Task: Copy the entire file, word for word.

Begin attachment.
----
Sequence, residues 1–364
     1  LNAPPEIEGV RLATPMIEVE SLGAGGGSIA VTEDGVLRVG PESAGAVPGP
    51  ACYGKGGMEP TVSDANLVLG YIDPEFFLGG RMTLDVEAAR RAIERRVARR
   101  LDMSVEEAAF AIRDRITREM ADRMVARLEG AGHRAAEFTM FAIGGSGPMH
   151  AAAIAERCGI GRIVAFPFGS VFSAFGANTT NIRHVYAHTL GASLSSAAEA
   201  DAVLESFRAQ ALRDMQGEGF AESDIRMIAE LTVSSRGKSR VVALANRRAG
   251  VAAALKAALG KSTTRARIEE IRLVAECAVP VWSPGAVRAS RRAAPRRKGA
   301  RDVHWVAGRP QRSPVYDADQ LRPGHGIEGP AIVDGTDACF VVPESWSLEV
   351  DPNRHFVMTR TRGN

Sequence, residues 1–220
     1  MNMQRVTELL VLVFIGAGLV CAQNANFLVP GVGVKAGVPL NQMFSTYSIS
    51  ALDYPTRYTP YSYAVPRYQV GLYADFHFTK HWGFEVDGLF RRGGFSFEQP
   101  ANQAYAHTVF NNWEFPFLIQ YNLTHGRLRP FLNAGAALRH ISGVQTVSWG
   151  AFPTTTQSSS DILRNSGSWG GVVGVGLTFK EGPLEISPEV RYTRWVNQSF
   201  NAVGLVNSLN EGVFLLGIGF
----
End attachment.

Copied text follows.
Sequence, residues 1–364
     1  LNAPPEIEGV RLATPMIEVE SLGAGGGSIA VTEDGVLRVG PESAGAVPGP
    51  ACYGKGGMEP TVSDANLVLG YIDPEFFLGG RMTLDVEAAR RAIERRVARR
   101  LDMSVEEAAF AIRDRITREM ADRMVARLEG AGHRAAEFTM FAIGGSGPMH
   151  AAAIAERCGI GRIVAFPFGS VFSAFGANTT NIRHVYAHTL GASLSSAAEA
   201  DAVLESFRAQ ALRDMQGEGF AESDIRMIAE LTVSSRGKSR VVALANRRAG
   251  VAAALKAALG KSTTRARIEE IRLVAECAVP VWSPGAVRAS RRAAPRRKGA
   301  RDVHWVAGRP QRSPVYDADQ LRPGHGIEGP AIVDGTDACF VVPESWSLEV
   351  DPNRHFVMTR TRGN

Sequence, residues 1–220
     1  MNMQRVTELL VLVFIGAGLV CAQNANFLVP GVGVKAGVPL NQMFSTYSIS
    51  ALDYPTRYTP YSYAVPRYQV GLYADFHFTK HWGFEVDGLF RRGGFSFEQP
   101  ANQAYAHTVF NNWEFPFLIQ YNLTHGRLRP FLNAGAALRH ISGVQTVSWG
   151  AFPTTTQSSS DILRNSGSWG GVVGVGLTFK EGPLEISPEV RYTRWVNQSF
   201  NAVGLVNSLN EGVFLLGIGF